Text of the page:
Obviously, there are a lot of differences in the publicly supported arts programs of each country that were at IFACCA, but we also have a lot in common. I think everybody’s feeling the financial crisis. There are budgetary pressures everywhere; everybody’s trying to figure out how to sort them out and how to structure their support and their giving system into ways that make more sense. I think other arts councils too are going to be making fewer grants, more targeted grants. There’s a lot of discussion about financial issues. I think there might be more of a coming together of the two models---public and private. We’re looking, ultimately, at trying to have bigger public support for the arts and in other countries, they’re looking to beef up the private sector support for the arts. There are also the same pressures about kinds of art, censorship issues, what taxpayer-funded art should and shouldn’t be, etc. Those issues exist everywhere, and it was great to be able to compare notes with a lot of my colleagues.

While I was in Melbourne I met with Frank Urbancic, who’s the U.S. Counsel General there, and it was great to get an American’s perspective on what was happening in that part of the world; not just in terms of arts, but politically.

Overall, It was a productive few days of meetings, and I was glad to be a part of IFACCA and the work they’re doing. It’s very important that all of us who do this around the world be able to compare notes and be able to talk and find out what each other is doing. I think sometimes the view is that we in America are kind of insular and it was great to go out and learn something---learn things from other people---and be exposed to what they’re doing.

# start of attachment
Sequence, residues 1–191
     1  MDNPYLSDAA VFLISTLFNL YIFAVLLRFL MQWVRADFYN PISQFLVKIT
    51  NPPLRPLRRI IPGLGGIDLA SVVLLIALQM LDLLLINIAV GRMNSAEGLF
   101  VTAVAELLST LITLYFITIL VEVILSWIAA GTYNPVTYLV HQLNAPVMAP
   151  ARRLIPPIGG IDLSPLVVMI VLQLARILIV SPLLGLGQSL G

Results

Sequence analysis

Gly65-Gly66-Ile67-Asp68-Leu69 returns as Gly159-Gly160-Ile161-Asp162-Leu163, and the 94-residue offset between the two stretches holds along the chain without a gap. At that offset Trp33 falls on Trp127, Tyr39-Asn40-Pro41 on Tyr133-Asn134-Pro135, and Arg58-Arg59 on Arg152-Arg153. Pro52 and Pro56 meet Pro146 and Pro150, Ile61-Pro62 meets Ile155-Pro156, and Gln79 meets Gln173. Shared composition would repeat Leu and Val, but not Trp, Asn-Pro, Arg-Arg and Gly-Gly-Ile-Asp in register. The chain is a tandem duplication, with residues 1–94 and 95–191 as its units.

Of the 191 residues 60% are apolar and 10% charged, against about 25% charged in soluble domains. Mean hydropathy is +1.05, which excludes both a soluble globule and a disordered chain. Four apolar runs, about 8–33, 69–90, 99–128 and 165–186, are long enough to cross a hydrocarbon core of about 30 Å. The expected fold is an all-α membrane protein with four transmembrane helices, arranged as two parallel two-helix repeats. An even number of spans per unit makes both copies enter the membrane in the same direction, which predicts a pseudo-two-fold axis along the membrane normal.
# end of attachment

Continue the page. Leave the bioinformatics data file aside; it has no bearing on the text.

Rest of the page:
From Melbourne I traveled to Tasmania for a personal trip, except it turned out to have an NEA application because we got to see MONA, the Museum of the Old and New, which was created by a guy named David Walsh. It’s an amazing museum and very instructive, I think, in terms of the potential for something like that here. It was the most idiosyncratic and unusual museum I’ve seen---at first you think there’s no organization to it. You start at the top and go down, and you just wander around as you go down. You can make right and left turns almost everywhere; you can get lost in it. The museum is very informal, and it feels very spontaneous. They give you a handheld device that you walk with that attunes you wherever you are and tells you about what you’re watching. There’s a tremendous sense of spontaneity, and this was probably the most fun museum I’ve ever been in. I think if museums had this kind of spirit all over the place, museum attendance would be much higher because people would be so excited about being in them. While you’re walking, you just turn a corner and find some startling exhibit you didn’t expect. There was one section where you pull out drawers and each one of them has certain sound effects and I think it said, “I love you, I love you,” but it also had text in each one about mortality. It was just a thrilling museum to be able to wander around in and see. I think everybody who does museums in this country should go to Tasmania and see MONA.

We also visited Sydney, and the Opera House there, which is an architecturally great, iconic symbol for the city and, I think, a great advertisement for their commitment to the arts. For anyone who loves the arts, go to Australia. The people there are so welcoming and so warm. We’re looking forward to going back as soon as we can.